Laura Sipp, wife of Jacques, mother of three girls, one of whom works with her dad as a winemaker for Sipp Mack, found me at the local train station and drove me down the Wine Road, showed me where things are and how they work. The Voges Mountains cradle a long strip of vineyards only about 8 km wide and 120 or so long. Sipp Mack, the winery, is a marriage of vineyards from Ribeauvillé and Hunawhir and their grapes come from both places. The top of that long narrow strip is where the Gran Cru sites are, just above is too cold and forest takes over again. It’s modest and quaint and the roads spin up the hill and the traffic going up has the right of way. Houses look German, dark wood reinforcements, but are painted red and purple and yellow. Window boxes everywhere.

Pork on the plate immediately for lunch, the first time I’ve eaten it in years, and it’s the first time this team (because it was the first day of full harvest) has gathered for a meal. I find myself wanting to disappear into their conversation, laugh along and have them all forget I don’t really understand the point of the story, but I do understand that it’s enjoyable and pleasant. Let me dissolve into this curtain, this cup of coffee and watch your familiar interaction, learn your mannerisms and figure out the language I can speak.

Off to the fields just after lunch, suited up in wellies and my lumberjack vest and headed out to where they’ve been harvesting Pinot Gris. Beautiful purple-pink berries, clustered and delicate. That’s what strikes me most as we start pulling them from the vines: they are delicate, juice pressing against its skins in anticipation almost. They erupt often, my hands are sticky through the gloves. It smells wonderful. Botrytis, a good kind of fungus important for developing the flavors of late harvest wines, affects about 40% of the bunches I pick, not all the berries, but enough to make me wonder about what the grapes for the dessert wines must look like. These are still that deep purple-pink-gray color, but frosted with gray powder and shriveled: the fungus pokes holes in the grapes and sucks out the water, concentrating them further. It’s good for whites, but will take the color out of reds. Botrytis is strange, looks as though you’ve blown a candle out as soon as you touch it. A mini-explosion sending up dust at the slightest brush of a hand.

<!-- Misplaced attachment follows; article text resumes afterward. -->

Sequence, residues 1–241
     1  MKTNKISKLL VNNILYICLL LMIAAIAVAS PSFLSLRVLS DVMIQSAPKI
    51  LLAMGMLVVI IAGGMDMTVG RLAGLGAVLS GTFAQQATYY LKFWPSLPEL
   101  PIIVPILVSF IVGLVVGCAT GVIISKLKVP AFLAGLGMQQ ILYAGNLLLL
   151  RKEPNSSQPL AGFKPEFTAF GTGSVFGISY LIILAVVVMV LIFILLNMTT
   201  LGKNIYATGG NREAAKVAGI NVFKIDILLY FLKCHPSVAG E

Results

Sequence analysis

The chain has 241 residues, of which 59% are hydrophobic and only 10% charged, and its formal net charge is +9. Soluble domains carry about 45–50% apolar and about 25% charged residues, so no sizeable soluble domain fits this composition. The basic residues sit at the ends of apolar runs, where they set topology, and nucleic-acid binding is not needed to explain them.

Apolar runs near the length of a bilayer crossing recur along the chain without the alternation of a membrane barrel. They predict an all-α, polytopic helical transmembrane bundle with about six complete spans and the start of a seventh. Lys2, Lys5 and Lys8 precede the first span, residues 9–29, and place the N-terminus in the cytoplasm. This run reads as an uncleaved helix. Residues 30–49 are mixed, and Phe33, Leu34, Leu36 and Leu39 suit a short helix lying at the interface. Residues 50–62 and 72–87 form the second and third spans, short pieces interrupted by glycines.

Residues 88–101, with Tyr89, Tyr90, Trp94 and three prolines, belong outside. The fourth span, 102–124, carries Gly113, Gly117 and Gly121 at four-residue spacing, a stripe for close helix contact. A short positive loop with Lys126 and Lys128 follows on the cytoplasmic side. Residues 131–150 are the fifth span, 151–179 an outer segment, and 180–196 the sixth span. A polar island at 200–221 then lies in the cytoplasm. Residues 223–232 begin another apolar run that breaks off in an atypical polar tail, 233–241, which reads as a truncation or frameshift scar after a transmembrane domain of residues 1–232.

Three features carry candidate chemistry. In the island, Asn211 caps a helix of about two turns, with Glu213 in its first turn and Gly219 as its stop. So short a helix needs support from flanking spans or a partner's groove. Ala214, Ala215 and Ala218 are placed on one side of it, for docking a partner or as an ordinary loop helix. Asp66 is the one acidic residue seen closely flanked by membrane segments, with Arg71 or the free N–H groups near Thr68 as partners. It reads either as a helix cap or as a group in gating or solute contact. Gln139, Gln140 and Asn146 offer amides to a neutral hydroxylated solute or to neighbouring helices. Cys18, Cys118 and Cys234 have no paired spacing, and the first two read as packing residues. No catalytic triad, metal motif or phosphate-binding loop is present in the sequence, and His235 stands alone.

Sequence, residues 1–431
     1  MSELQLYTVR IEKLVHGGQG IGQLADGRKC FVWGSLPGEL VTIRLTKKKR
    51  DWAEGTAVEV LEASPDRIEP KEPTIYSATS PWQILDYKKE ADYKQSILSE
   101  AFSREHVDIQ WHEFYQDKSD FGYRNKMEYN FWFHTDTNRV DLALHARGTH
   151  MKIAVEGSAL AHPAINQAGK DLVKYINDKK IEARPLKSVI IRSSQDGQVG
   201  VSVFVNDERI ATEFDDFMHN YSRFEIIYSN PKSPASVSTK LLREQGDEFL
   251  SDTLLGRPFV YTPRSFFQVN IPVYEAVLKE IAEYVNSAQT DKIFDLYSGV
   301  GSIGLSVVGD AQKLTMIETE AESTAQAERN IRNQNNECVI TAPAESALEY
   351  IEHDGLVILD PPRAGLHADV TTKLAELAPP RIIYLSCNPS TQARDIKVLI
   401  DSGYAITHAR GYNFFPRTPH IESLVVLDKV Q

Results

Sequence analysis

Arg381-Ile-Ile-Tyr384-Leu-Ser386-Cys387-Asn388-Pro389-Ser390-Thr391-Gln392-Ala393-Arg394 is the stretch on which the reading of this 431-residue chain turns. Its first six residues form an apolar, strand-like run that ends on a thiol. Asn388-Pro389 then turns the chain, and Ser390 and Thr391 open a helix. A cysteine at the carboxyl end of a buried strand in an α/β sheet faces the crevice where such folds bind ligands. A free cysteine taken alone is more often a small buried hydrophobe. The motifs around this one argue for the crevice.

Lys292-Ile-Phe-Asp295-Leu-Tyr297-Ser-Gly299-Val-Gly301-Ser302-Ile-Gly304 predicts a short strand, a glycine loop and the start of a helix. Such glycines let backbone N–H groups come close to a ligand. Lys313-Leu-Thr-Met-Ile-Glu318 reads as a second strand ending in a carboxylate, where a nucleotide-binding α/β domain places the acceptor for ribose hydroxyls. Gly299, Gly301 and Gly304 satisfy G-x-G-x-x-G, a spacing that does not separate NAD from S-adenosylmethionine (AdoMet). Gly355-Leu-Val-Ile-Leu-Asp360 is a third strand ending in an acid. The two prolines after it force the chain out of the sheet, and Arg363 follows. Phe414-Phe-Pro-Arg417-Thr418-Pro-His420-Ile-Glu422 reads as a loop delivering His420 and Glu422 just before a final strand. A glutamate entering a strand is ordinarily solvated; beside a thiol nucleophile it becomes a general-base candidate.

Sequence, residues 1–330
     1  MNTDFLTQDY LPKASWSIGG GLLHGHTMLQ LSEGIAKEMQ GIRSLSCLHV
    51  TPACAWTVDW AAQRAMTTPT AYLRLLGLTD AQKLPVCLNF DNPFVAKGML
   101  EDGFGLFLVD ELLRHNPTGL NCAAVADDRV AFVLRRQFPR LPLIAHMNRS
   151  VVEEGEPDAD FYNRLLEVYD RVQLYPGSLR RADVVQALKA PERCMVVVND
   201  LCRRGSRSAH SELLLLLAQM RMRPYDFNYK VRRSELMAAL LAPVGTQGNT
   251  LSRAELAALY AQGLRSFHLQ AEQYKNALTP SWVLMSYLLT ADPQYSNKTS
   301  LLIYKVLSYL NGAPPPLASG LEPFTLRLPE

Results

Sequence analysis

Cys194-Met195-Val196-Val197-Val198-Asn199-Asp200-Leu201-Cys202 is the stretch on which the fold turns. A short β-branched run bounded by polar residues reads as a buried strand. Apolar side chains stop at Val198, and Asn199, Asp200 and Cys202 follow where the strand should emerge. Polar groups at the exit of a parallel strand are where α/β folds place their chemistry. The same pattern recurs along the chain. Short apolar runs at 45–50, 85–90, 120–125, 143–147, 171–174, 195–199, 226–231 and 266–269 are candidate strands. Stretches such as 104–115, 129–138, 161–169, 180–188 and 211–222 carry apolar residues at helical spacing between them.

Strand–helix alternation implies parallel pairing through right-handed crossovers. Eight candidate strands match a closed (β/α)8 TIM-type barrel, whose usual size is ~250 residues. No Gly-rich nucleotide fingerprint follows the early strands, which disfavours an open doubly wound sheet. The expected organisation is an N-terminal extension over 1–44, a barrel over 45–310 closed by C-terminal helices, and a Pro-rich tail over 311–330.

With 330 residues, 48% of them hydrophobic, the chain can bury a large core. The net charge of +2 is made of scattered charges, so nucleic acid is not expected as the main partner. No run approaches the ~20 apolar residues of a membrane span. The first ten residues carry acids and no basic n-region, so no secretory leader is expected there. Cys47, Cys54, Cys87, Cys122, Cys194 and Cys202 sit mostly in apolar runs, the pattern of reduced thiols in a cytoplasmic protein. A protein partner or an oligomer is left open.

Am paired with a woman named Sophie. She speaks English, she is very tall, and later I find out everybody says she’s usually “not on earth,” that is, her head’s in the clouds. Her talk is all political, often about the Middle East, then shifts to a pageant she seems to have been in recently where she was the Lady of the Lake in some parade. I’m not very adept at harvesting yet, I mostly say “oui” and grunt, but she talks on. Hours, must’ve been about three we were out there. I find it helpful, a sort of hum in the background as I snip these grapes, which I do while contemplating the magnitude of this field, this fruit, and how I am trusted with this labor which is basically the livelihood of the people kind enough to host me in their home though I have zero credentials and only the backing of one person’s opinion as my reference.

Strange foods I ate: Pork. Fleischschnacka (“meat snails,” literally. Sort of like a lasagna rolotini  but with dumpling dough, steamed and served with a sweet tomato sauce). Alsatian cheesecake (made with fromage blanc, which I think is sour cream).

Katie Callahan is a wine educator and former manager of  Bin 201 Wine Sellers in Annapolis.